Back to Ganoksin | FAQ | Contact

Seperating Disks


#1

Here’s a handy trick i picked up a few years ago and thought i
would pass along. I find seperating disks (the hard composite
cutting disks) indispensible. They come in two sizes,
thick(reasonably priced) and thin (way too expensive and very
delicate). Sometimes the thick ones are just to thick to do the
job and the thin ones too expensive to keep in stock. The
solution is to make the thick ones thin. Since the disks are
hard enought to cut just about anything metal i chose a diamond
to cut the disk. I prefer a straight baggett (i use a chipped
stone and if you set very many baggetts you probably have one or
two) which i hold with a set of pliers very firmly.I then chuck a
seperating disk (on a mandrel) into my handpiece, then use the
diamond as a tool to grind the spinning disk to the taper and
width i desire. It takes a little practice and be sure to wear
safety glasses as the disks have been know to shatter. I really
like these thinned disks for fold forming. I use them to cut the
fold line on the sheet stock i wish to break, because they are
thinner i find i can cut tighter curves for folding. hope it works
as well for all of you as it has for me. Frank.


#2
Here's a handy trick I really
like these thinned disks for fold forming. I use them to cut the
fold line on the sheet stock i wish to break, because they are
thinner i find i can cut tighter curves for folding. hope it works
as well for all of you as it has for me.

I’ve been using the thin disks to sharpen worn setting burs. Not
quite like new, but an definite improvement when one is in a
pinch.


#3

A separating disc trick I like is to cut a notch in the edge of
the disc 1/4" to 3/8" of the circumference by 1/8" to 1/4" deep
to allow yourself to see through the disc when using it as a
sanding disc. (Like a split lap) They’re great for accurate
trimming.

You can cut the notch with another abrasive wheel or nibble it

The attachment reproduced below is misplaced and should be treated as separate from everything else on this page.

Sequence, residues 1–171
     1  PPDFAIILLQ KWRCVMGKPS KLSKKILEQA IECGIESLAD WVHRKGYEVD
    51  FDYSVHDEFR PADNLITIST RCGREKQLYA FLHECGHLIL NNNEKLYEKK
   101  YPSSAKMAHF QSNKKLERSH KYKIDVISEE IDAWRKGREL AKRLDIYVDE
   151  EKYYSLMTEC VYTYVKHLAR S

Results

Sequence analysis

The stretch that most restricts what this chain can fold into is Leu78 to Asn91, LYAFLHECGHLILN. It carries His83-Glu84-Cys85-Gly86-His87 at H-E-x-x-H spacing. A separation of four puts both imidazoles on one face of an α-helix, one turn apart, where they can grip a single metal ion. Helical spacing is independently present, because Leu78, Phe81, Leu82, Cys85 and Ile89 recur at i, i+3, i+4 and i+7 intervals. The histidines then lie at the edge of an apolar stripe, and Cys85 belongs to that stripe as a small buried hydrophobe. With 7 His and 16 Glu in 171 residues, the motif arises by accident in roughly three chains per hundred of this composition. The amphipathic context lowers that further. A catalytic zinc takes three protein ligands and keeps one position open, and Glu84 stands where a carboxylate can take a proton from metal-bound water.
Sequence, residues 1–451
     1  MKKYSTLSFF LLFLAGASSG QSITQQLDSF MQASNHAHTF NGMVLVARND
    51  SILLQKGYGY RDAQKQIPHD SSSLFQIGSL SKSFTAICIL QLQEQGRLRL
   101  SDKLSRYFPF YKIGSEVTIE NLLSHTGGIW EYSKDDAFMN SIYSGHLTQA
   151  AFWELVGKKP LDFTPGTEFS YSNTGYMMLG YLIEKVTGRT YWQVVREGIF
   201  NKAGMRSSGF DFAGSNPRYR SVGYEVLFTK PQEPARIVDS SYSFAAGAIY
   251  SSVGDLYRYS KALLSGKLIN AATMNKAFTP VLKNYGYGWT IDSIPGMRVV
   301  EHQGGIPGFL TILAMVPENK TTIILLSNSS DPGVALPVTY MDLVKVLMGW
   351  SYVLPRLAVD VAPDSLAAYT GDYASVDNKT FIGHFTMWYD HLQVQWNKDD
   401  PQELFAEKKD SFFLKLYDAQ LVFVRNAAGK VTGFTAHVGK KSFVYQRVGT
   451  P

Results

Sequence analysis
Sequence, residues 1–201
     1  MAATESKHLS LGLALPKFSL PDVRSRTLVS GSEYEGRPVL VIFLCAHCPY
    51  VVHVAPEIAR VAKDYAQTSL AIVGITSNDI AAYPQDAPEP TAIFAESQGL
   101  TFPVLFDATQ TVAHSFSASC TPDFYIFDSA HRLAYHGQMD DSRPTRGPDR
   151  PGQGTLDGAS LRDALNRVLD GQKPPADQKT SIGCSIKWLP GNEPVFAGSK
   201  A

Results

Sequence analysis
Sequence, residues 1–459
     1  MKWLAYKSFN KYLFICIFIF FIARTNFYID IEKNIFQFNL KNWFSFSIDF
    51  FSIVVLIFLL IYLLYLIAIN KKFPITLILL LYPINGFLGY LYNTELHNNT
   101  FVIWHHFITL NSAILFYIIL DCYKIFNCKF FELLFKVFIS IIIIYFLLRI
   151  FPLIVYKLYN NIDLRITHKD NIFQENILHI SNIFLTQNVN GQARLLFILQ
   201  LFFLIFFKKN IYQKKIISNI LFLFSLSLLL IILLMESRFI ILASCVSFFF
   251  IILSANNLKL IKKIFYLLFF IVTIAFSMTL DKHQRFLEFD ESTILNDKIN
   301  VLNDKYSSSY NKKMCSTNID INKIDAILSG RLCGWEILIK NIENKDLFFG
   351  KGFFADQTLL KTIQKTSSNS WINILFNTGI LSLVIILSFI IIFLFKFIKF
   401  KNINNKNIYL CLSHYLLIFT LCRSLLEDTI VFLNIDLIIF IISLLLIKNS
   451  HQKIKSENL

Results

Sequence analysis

with pliers.

Round the leading corner of the notch and they’re surprisingly
safe, and relatively durable.

Dick Caverly
rcaverly@aol.com


#4

Hi,

You can go to your local machine shop and ask them to get you an
Industrial diamond set in a steel rod. They cost about $25.00.
I’ve used mine for about 3 years now and it looks almost new.
It’s great for shaping silicone carbide and aluminous oxide
stones too. Another product is a Norbide stick made by Norton
Abrasives Co. My Dad, a tool and die maker, gave me one about
10 years ago and I still use it to. I used it daily for about 7
years until I got the diamond. I suspect that I have worn about
.3mm off of it so far. The stick is about 75mm long to begin
with. I don’t know how expensive they are, but I know they are
not inexpensive.

Regards,

Skip

                                  Skip Meister
                                NRA Endowment and
                                   Instructor
                                @Skip_Meister
                                06/08/9718:18:18

#5

you can also cut out every other tooth on the burr to amke a
very usable wax burr. Frank


#6

If you got the knack of sharpening dull drills with a thin
separating disk but find the cross section (the web of drill) is
to wide, it can be made narrower by cutting (relieving) equal
portions from both side. This can improve the cutting ability so
that it can out perform a new drill. This help a lot in
setting. Jim alpine@hay.net